The Pro Football Hall of Fame announced the remaining inductees for its Centennial Class of 2020 on Wednesday, and among the final 13 names revealed was former NFL commissioner Paul Tagliabue, who helped expand and elevate the league during his 17-year tenure.
Over the weekend, two coaches -- former Pittsburgh Steelers head coach and current CBS analyst Bill Cowher and former Dallas Cowboys head coach and current FOX analyst Jimmy Johnson -- were surprised with the news during live playoff broadcasts.
The remaining members -- 10 seniors and three contributors chosen by a special "Blue-Ribbon Panel" last Wednesday -- were announced live during "Good Morning Football" on NFL Network.
During Tagliabue's tenure from 1989-2006, the NFL expanded to 32 teams, 20 new stadiums broke ground and the commissioner helped secure the largest television contracts in entertainment history, totaling $25 billion, and establish the NFL as a global brand.
The Senior candidates selected include former Philadelphia Eagles wide receiver Harold Carmichael, former Chicago Bears tackle Jim Covert, former Green Bay Packers safety Bobby Dillon, former Cowboys safety Cliff Harris, former New York Jets tackle Winston Hill, former Detroit Lions defensive tackle Alex Karras, former Steelers safety Donnie Shell, former Cleveland Browns receiver Mac Speedie, former Bears defensive end Ed Sprinkle, and two-way lineman Duke Slater, an African-American pioneer in the early years of the NFL.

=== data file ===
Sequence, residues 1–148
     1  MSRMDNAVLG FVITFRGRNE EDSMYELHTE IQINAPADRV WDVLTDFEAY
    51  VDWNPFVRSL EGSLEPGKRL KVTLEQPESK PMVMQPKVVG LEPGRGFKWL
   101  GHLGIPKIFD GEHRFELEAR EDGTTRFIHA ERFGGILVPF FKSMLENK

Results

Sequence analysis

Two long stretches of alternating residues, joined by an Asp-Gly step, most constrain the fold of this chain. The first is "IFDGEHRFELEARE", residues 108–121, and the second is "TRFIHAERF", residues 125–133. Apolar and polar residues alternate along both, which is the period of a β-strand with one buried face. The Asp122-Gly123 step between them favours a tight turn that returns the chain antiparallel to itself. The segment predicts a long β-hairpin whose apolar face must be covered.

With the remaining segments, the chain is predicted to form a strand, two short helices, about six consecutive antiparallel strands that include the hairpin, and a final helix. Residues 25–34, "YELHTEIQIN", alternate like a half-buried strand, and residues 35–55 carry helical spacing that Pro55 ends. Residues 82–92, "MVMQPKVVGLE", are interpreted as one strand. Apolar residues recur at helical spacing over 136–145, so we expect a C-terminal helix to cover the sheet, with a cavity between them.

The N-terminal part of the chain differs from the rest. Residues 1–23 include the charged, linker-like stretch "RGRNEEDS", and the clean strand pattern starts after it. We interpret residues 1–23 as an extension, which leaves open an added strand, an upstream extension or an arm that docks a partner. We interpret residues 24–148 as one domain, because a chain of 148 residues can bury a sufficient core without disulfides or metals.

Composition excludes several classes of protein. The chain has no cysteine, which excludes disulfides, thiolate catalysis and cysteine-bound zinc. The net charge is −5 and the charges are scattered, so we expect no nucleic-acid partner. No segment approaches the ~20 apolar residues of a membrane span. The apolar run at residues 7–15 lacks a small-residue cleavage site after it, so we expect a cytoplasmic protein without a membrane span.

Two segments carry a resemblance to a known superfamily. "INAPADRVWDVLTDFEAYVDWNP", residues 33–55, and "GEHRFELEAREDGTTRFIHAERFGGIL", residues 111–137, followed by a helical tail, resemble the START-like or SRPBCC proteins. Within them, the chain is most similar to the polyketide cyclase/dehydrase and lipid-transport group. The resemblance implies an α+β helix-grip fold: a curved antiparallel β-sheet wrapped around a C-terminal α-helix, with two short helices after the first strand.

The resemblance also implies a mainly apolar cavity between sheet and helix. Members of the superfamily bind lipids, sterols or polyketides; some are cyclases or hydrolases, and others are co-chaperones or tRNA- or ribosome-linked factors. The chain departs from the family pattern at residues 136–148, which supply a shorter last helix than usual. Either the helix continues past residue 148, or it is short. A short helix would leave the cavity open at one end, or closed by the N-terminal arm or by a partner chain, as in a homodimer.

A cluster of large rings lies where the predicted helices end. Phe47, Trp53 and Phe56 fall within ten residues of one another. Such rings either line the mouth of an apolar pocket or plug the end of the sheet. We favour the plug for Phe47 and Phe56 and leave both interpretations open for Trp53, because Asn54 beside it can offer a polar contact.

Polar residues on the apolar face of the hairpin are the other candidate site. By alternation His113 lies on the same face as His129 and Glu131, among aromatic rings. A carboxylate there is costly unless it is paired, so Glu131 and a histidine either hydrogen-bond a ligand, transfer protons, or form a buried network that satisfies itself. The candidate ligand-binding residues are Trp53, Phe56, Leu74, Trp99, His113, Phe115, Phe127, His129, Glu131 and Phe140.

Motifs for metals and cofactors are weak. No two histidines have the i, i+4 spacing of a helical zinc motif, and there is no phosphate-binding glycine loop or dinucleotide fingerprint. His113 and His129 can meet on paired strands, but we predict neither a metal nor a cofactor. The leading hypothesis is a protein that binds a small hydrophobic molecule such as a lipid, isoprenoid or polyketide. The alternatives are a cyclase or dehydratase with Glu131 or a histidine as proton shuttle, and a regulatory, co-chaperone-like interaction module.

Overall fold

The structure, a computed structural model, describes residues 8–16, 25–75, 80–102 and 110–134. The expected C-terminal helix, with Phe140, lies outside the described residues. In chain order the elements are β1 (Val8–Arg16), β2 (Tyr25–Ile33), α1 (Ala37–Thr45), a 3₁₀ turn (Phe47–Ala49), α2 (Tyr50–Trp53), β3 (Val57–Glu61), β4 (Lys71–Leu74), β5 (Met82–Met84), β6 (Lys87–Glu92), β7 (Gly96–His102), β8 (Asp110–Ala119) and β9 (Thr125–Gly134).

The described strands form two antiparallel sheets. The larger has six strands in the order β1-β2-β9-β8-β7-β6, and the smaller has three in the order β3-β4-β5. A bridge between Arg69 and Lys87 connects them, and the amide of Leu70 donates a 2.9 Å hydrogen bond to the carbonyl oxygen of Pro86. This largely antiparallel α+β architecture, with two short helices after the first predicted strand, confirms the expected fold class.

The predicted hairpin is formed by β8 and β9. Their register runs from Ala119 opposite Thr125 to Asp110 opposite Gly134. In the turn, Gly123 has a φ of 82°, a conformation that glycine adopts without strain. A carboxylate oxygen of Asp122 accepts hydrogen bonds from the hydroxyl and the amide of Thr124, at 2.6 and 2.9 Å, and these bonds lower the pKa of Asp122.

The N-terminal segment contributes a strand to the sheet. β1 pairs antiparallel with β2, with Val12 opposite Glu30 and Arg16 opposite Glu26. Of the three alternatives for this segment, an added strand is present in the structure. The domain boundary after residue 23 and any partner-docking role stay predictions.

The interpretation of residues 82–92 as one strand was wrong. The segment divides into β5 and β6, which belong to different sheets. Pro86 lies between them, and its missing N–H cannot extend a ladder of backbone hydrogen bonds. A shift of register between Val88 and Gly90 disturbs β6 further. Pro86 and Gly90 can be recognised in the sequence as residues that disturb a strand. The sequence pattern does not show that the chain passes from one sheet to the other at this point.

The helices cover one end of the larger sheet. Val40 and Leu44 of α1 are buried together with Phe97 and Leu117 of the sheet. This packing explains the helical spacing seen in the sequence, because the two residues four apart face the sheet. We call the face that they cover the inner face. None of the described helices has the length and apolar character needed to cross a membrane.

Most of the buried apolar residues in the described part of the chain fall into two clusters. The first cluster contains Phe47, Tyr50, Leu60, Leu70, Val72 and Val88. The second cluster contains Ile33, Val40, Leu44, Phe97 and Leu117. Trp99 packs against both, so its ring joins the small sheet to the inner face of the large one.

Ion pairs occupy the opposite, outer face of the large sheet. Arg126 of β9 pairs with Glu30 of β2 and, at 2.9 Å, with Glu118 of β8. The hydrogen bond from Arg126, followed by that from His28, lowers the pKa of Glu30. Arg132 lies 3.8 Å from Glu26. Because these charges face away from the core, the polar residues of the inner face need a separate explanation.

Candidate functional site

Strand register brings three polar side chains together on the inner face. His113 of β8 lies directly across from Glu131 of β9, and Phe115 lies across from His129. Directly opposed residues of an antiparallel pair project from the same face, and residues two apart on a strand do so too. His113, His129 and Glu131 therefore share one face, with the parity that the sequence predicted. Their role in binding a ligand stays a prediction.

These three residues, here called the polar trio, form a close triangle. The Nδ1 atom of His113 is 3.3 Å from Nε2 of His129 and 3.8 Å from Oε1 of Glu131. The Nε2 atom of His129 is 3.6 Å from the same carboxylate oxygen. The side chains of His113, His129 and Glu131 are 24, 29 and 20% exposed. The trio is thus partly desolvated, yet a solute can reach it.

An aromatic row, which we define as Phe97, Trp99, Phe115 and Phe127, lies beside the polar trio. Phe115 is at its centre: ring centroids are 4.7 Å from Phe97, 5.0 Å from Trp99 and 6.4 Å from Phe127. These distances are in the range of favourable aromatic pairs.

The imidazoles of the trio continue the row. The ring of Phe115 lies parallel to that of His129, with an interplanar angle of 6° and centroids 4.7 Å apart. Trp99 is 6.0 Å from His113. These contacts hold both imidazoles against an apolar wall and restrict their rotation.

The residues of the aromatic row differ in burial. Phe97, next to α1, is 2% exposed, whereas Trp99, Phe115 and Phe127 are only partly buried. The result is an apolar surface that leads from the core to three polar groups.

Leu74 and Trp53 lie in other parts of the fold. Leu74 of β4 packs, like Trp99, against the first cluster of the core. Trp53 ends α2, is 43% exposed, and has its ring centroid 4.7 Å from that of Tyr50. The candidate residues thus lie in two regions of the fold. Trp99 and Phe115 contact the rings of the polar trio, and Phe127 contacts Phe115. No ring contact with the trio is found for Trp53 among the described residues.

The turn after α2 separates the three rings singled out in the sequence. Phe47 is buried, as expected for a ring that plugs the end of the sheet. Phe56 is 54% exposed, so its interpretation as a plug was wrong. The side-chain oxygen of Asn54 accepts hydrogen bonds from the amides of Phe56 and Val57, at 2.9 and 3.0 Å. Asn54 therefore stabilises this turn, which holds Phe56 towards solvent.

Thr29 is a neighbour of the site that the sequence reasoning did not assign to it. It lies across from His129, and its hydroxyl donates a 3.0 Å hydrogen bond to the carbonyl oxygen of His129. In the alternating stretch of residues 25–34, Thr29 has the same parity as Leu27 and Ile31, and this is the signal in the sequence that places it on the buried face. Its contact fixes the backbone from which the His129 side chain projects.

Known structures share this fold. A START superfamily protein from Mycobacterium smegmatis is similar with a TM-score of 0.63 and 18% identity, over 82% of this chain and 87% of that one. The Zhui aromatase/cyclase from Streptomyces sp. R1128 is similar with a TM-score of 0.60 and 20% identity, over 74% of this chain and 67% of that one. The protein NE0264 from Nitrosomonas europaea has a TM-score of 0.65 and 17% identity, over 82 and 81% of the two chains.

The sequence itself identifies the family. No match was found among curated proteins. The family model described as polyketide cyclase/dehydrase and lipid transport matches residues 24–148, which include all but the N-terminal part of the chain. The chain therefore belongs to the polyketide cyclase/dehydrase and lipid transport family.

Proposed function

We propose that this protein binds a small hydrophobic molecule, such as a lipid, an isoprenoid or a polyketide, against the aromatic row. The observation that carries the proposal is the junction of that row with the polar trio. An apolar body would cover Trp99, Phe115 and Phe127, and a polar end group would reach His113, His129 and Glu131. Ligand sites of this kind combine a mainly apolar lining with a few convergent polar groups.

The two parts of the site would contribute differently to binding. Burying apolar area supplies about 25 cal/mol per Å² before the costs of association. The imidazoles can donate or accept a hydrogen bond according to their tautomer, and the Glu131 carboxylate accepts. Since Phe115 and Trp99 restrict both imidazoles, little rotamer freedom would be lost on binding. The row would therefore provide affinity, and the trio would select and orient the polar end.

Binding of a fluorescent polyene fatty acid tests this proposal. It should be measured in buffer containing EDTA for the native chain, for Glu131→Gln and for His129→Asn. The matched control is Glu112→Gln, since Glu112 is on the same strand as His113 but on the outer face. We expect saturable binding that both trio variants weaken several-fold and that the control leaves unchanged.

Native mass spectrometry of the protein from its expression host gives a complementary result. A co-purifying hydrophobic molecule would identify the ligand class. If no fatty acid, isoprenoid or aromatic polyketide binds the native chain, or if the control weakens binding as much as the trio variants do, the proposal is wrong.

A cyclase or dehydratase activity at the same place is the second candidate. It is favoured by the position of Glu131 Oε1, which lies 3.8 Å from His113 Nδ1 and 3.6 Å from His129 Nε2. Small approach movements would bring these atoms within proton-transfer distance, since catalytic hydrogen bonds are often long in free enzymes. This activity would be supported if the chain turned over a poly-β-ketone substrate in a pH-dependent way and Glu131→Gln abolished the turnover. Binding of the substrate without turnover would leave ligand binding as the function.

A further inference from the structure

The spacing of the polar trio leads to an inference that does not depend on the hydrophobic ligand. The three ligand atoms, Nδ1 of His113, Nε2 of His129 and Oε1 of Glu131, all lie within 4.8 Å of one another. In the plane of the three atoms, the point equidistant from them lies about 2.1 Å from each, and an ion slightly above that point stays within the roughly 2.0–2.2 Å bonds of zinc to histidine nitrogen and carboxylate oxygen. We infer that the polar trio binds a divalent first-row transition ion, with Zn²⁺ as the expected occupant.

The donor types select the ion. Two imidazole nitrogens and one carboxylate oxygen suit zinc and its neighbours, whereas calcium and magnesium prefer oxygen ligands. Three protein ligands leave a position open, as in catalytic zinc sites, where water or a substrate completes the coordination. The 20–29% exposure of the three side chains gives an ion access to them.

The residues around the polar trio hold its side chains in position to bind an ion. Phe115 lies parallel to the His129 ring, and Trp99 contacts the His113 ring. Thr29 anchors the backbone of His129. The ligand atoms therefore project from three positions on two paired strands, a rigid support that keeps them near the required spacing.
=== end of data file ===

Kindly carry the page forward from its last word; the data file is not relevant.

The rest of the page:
Also in the contributor category are former New York Giants general manager George Young and NFL Films executive Steve Sabol. Young worked under Tagliabue in the league office and also was a front-office executive for the Baltimore Colts and Miami Dolphins before taking the helm for New York, which won two Super Bowls under his guidance. Sabol, part of NFL Films from 1964-2012, won more than 40 Emmy Awards and oversaw 107 Emmy wins for NFL Films.
"Our charge was to scour 100 years of professional football and find the most deserving candidates who have slipped through the cracks," said veteran Hall of Fame selector Rick Gosselin in a news release.
"All 38 finalists for the Centennial Slate were Hall of Fame worthy but we could only choose 15. I am proud to be a part of this process that honors these men who shaped the NFL in its first century."
The 38 finalists included eight coaches, 10 contributors and 20 senior players.
The 2020 Hall of Fame class will also include the traditional group of five modern-era players, who will be selected from 15 finalists on Feb. 1, the day before the Super Bowl. The 15 finalists, announced earlier this month, include longtime Steelers safety Troy Polamalu, who is in his first year of eligibility.
--Field Level Media